Over in Victoria, one wandering soul has concluded that the election results – despite there being many to declare at the time – mean one thing, that Mil The Younger is in deep trouble. But this is Benedict “famous last words” Brogan, the pundit who failed to notice that Andy Coulson was about to make his departure from Downing Street, so no-one should be surprised.
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After admitting that Thursday’s poll had not exactly been good for Young Dave and his jolly good chaps, Brogan then announced “On the surface, it might look like a good night for Labour – but in fact, the situation is looking bad for Ed Miliband, and likely to get worse”. Yes, the usual Labour suspects, like John Mann and Graham Stringer, have been whingeing. But they are expected to whinge.
The reason that Brogan is whistling in whatever wind blows around the increasingly wayward and downmarket Telegraph nowadays is partly explained by himself: in the one part of the country that is electing councillors in all its boroughs as well as MEPs – that would be London – Labour has had a very good day indeed, its best, it seems, since 1998, the heyday of Tone.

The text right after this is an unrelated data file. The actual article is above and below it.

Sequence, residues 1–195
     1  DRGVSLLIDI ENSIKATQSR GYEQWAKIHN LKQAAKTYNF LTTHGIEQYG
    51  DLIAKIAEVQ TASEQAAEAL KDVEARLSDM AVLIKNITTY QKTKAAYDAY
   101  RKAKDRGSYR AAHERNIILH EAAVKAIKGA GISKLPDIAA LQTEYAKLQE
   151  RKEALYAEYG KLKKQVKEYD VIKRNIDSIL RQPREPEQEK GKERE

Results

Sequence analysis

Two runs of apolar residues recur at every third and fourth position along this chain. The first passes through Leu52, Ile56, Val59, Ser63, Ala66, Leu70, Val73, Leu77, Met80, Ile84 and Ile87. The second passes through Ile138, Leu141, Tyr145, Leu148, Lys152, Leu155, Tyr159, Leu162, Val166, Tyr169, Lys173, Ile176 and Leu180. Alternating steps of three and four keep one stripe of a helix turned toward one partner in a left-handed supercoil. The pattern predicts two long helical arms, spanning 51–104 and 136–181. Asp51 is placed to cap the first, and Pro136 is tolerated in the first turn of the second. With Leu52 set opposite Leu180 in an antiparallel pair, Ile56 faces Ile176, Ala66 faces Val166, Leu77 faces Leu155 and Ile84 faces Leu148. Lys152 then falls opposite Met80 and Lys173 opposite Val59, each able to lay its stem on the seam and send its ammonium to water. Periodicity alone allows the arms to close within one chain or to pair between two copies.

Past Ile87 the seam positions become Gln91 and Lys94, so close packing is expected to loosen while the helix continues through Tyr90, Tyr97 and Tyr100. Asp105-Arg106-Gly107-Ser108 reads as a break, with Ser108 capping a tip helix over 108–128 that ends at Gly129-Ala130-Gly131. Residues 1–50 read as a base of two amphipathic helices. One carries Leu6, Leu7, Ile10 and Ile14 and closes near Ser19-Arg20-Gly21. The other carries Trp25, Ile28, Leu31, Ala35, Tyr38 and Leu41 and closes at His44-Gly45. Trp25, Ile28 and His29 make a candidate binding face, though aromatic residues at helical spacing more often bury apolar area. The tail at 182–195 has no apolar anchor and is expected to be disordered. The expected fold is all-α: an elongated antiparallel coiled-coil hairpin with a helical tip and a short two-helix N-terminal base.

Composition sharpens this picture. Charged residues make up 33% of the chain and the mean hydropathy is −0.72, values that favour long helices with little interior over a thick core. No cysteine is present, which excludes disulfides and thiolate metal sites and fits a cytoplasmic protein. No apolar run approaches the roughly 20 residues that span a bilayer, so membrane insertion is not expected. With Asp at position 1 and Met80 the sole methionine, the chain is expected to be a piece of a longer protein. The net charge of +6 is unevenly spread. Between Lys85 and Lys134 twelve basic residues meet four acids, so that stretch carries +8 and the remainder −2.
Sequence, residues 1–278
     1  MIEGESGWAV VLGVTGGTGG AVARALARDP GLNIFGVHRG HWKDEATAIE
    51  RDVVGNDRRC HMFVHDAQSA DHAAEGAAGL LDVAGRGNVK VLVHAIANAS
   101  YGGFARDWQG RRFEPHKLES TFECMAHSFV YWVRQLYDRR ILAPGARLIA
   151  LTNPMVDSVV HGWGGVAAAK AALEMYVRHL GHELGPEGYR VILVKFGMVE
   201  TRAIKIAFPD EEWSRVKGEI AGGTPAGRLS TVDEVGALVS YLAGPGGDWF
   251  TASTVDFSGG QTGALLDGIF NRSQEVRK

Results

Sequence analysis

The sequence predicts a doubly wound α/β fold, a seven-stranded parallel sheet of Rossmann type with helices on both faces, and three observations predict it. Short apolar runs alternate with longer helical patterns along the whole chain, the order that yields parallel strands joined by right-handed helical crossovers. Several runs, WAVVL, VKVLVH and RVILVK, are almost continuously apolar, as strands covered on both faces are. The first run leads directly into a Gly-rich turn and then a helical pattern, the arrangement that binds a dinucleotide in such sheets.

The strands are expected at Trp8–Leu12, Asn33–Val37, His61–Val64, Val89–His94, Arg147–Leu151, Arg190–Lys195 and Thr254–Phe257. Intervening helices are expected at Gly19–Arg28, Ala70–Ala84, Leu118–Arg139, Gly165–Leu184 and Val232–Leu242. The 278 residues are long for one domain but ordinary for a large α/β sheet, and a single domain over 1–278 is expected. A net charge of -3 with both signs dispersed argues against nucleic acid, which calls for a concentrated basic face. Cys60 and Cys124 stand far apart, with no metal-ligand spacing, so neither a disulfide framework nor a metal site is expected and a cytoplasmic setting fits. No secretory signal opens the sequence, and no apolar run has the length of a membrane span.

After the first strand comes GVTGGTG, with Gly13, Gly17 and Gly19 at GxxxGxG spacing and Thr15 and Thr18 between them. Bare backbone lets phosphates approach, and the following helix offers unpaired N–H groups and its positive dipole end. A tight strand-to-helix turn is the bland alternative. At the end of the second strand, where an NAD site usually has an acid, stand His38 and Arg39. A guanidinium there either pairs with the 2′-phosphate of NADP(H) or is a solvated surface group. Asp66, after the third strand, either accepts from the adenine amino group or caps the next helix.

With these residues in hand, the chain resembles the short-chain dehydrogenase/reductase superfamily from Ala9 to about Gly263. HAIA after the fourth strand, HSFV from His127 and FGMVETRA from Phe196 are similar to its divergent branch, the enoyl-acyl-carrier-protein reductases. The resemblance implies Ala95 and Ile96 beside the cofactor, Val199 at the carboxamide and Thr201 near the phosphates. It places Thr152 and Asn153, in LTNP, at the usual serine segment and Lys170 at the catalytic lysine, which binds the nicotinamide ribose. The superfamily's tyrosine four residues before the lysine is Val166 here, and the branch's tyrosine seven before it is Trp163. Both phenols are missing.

Not only did the party regain control of Harrow after a damaging split had sent them out of power, it took Redbridge for the first time ever. Labour took control in Merton. It consolidated its power in the likes of Lambeth and Hackney. And, on top of all that, it took control of Croydon – the scene of the UKIP carnival shambles – as well as the Tory flagship of Hammersmith and Fulham.
In fact, with some councils still to declare, Labour has already passed its 2010 seat total. As for UKIP, it has scored a measly three wins in the capital, and has suffered the humiliation of seeing all four of the former Labour defectors in Barking and Dagenham thrown out in favour of their Labour replacements. The Kippers scored no seats in Birmingham, Liverpool or Manchester, either.
And, as to the idea that Miliband’s mob can’t win outside the big cities, they now hold all three seats in Chipping Norton. Yes, the one in Oxfordshire, the home of the “Chipping Norton set”, and a part of the Witney parliamentary constituency. That would be the one represented by Young Dave. So if any party leader is down and out today, it ain’t Ed Miliband.
Indeed, Brogan concedes “That the Tories are losing councils in areas they should be winning will give them cause for thought”. But when he asserts “It's significant that so far no Tories have emerged to call for Mr Cameron's head”, he manages not to notice that no Labour politicians have called for Miliband’s. The only ones doing that are Brogan’s fellow pundits.
And, guess what? Nobody who matters gives a flying foxtrot what they think.